A deck of cards has unlimited uses, and with this in mind, we've developed a set of Israel resource cards to bring Israel content to your learners in a variety of ways. Initially created for our Israel @ Camp initiative, these cards have been used extensively across all educational settings. Below, please find just a few suggestions for how to use these cards in an innovative way.
How do I get my own deck?
Click a card below to download your own set. Alternatively, contact us if you would like us to mail physical boxes of the original set to you!
|Original Israel Resource Cards:||New Israel Resource Cards:|
|Instead of being organized by suits, these cards are organized by categories: People, Places, Events, and Society. Originally developed through the Goodman Camping Initiative.||With over 150 cards, this story-oriented deck spans Sites and Insights, The Many Faces of Israel, Geography, Sports and Leisure, Leadership, Arts and Culture, Moments in Modern Israeli History, Innovation, and Core Texts|
Content Card Framings
Here are some short framings for how to view the cards in each category, along with some general questions to consider and a few suggestions for how to use them in innovative ways. While these correlate specifically to the new deck, the framing works with both decks.
Choose Your Own Adventure!
- Choose a handful of cards with which your learner may be familiar. (i.e. the kibbutz, David Ben Gurion, Jerusalem, etc.)
- Ask participants to get into small groups and have each group choose 3 cards.
- Ask them to construct a "day in Israel" using the three cards.
- Brainstorm all of the possible themes that might link your cards together.
- Choose one theme that you are going to use to construct your day.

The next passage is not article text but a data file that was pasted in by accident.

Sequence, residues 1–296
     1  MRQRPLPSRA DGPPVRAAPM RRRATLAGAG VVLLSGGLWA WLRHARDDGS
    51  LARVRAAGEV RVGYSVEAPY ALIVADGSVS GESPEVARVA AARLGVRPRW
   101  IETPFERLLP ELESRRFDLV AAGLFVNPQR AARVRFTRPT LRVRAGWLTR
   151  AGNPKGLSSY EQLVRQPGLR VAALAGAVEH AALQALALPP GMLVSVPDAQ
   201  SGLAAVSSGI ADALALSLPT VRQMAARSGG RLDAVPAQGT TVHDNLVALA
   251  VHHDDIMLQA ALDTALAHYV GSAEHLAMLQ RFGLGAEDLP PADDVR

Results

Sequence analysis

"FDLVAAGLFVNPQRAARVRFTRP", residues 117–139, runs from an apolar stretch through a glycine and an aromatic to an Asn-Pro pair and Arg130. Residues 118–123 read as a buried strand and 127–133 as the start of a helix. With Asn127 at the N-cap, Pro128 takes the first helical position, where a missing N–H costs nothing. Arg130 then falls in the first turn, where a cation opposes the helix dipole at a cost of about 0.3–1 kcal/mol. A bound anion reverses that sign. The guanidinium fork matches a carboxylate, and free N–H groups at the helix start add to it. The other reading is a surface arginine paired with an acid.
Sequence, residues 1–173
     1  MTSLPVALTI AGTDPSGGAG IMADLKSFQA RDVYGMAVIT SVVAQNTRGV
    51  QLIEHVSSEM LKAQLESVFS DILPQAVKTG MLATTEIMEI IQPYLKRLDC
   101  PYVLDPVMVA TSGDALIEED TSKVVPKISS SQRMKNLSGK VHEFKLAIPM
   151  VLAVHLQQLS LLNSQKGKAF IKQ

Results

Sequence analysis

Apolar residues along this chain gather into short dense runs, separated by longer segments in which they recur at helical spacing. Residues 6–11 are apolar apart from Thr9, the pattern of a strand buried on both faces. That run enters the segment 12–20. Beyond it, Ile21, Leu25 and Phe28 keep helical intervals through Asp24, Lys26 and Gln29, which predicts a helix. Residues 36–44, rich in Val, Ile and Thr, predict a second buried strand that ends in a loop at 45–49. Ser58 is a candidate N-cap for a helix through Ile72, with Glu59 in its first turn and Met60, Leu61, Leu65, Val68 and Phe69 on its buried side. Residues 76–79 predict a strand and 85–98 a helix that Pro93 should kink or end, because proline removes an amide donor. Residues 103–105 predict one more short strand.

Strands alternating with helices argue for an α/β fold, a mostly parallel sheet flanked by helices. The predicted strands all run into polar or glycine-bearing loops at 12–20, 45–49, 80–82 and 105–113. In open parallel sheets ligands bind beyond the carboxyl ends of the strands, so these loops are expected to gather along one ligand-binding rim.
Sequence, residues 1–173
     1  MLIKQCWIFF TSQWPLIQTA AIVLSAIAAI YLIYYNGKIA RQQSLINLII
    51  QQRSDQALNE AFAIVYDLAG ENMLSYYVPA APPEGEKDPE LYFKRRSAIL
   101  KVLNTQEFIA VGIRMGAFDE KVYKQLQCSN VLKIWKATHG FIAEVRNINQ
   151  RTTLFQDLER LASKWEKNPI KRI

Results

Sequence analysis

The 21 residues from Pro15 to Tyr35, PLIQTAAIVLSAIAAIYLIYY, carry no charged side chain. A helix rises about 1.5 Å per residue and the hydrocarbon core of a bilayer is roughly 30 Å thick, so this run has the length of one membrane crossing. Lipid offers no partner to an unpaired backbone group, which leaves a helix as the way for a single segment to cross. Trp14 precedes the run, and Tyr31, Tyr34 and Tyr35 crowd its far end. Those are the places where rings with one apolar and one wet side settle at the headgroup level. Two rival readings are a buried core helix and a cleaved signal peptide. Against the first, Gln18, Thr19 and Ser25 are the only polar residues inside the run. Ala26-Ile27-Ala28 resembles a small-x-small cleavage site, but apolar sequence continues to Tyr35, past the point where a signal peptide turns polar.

- Create an opening activity and a closing activity for the day.
- Describe the narrative thread that connects the three cards.
This isn't about reality - so put aside the fact that you might not be able to go from Tel Aviv to Eilat to Haifa all in one day. It’s about process!
Each player selects seven cards at random. Reading their cards, they need to ask other players for specific cards that they think will go with their card. For example, if a player is holding the David Ben Gurion card, perhaps he/she asks for the Negev card since the two have an association. Upon laying down the pairs, each player needs to explain the way(s) in which the cards are connected. This may require the player to extend their imagination a bit. If they aren't sure of their card, they can choose from the middle pile of cards, and pose a question/theme/idea/statement that somehow connects the two cards.
Choose only the "People" cards and ask participants: If you had to tell the story of Israel through the narrative of 5 people, who would you choose? Which 5 people collectively tell the story of Israel? Have each group share and discuss why they chose these figures.
Connect the Dots
Ask participants to choose 3 cards that relate to Passover (or Purim, Rosh Hashanah, etc). In small groups, have them explain the reason they chose each card. Ask one student from each group to share with the larger group.
For older students: Ask them to create a theme that emerged from that conversation. (i.e. freedom, belonging, home, etc.)
Story of My Life
Utilize them as a tool on Taglit-Birthright Israel trips or other Israel experiences to empower American staff to "share the stories." (i.e. Hannah Senesh's story on Har Herzl or in Caesaria, or the poet Rachel at the Kinneret cemetery, etc.)
From the Bunk to the Classroom
Use the Israel Resource Cards to accompany activities on the Goodman Camping Initiative for Modern History database
- Place all the cards on the floor and ask participants to do a "gallery walk" and pick out 1 or 2 cards that resonate with them. Go around the circle and have participants share why they chose the cards that they did.
- Lay out the cards and have people pick one that resonates with them and one that they'd like to learn more about - have them share both stories.
- Lay out the cards and have participants pick one from each category (People, Events, Places, Symbols) - have them explain why they chose each and find connections between the cards from the different categories.